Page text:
How, exactly, do our electoral referees hold the ring? Well, our elections are free and fair – but there’s certainly an air of affected, exaggerated and insincere earnestness about them. We have unctuous politicians – and matching unctuous umpires.

The big political parties have teamed up in Canberra to grant themselves exemptions from the Trade Practices Act and privacy laws. That puts electoral referees at a disadvantage. Still, they seem very proud that they’re the only ones in the ring in nice clean shirts and ties. Take an example from the current Victorian state election campaign.

The Tenants Union of Victoria wrote to the state Electoral Commission at the start of the week to make a formal complaint about electoral material they believed breached the Electoral Act – a Liberal Party pamphlet that made a series of claims about the policies of the Liberal, Labor and Green parties.

The Tenants Union took exception to the comments it made that the Greens intend “Making it impossible for landlords to evict private tenants.” It passed on copies of brochure and the Greens’ policy.

It told the VEC: “We do not endorse any individuals or parties for election. We are, however, deeply concerned about any electoral material or claims by candidates that seeks to misrepresent policies that are intended to improve the rights and interests of tenants in Victoria. We believe that this leaflet seeks to cause fear and alarm among private landlords by making a false statement about the policies of the Greens.”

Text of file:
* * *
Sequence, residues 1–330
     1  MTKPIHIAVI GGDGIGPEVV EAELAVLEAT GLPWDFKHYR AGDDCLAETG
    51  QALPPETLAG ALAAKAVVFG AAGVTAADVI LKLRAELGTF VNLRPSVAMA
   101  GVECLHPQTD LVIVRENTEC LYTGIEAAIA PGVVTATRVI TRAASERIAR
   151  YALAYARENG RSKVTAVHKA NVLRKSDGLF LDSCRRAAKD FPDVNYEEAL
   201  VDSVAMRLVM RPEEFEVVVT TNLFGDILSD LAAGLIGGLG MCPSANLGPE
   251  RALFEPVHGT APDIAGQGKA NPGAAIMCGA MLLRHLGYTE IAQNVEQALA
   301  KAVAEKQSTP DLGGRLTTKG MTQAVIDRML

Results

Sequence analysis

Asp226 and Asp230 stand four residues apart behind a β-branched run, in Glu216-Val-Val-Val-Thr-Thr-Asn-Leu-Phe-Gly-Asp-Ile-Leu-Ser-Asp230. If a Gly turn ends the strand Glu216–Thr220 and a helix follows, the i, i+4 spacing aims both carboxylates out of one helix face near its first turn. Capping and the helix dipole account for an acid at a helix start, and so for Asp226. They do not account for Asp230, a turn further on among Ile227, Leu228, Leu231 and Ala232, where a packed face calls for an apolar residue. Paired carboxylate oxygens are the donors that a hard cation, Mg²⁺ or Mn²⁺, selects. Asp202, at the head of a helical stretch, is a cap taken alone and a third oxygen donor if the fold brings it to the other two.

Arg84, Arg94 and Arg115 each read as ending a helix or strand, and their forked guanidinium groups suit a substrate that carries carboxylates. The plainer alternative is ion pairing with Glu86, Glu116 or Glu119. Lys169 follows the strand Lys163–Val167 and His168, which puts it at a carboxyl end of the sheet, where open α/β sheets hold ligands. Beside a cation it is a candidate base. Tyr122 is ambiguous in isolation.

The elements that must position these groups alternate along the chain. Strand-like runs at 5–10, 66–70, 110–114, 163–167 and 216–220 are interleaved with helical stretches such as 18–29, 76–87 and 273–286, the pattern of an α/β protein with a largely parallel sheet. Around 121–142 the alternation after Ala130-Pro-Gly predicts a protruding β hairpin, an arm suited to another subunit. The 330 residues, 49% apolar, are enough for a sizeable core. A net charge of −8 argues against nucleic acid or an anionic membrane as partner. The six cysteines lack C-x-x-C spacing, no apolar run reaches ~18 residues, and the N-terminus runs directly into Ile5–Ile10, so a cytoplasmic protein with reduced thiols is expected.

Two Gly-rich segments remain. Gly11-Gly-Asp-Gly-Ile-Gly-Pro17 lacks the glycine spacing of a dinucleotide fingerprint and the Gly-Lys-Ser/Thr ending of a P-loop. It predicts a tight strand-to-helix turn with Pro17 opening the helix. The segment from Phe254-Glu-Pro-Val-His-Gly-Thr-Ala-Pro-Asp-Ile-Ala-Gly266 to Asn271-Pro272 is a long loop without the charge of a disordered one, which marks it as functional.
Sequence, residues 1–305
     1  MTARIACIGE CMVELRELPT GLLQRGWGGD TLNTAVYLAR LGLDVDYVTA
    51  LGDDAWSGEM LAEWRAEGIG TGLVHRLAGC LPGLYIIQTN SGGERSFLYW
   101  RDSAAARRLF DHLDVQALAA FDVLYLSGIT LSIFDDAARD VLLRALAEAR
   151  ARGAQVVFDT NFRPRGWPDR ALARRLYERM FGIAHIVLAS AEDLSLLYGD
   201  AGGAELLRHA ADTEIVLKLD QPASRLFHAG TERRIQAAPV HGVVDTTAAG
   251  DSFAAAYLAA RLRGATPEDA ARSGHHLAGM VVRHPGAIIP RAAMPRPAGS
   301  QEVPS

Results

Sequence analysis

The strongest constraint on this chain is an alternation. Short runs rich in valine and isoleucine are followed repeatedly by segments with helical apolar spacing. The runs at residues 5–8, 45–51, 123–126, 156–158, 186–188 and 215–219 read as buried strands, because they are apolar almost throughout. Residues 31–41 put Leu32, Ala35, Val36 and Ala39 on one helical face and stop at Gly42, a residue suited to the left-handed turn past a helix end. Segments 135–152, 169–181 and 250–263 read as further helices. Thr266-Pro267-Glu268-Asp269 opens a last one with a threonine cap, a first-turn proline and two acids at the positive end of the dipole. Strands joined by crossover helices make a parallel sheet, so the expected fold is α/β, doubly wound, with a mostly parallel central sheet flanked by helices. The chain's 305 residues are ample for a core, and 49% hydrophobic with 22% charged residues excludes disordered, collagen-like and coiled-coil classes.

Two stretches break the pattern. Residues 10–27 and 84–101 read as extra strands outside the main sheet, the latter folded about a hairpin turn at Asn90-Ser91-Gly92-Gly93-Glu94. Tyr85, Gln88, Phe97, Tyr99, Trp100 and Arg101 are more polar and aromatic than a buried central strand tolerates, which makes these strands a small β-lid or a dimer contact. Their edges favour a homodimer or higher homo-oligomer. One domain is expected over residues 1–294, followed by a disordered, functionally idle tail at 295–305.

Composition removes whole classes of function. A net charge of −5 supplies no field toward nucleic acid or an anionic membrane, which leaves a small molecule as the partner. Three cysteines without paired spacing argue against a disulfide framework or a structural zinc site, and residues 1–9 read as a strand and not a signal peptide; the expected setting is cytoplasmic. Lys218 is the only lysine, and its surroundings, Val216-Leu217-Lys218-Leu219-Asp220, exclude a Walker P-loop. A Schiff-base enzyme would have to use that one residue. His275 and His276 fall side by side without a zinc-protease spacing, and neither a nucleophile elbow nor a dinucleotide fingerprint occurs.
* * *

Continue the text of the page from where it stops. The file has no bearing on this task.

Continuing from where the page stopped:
And it requested that the VEC “compel the Liberal Party to withdraw this leaflet”.

A response from the electoral commissioner came the same way. It said: “I note that the material contains a range of assertions that are general in nature. Elections in Australia allow for robust debate and expressions of opinion.”

In other words, it admitted that almost anything goes.

But it also had this to say: “You are of course free to rebut the assertions made by the Liberal party (sic), so long as you do so within the law”.

Unctuous. And patronising. That’s our politicians – and our electoral referees.

Peter Fray

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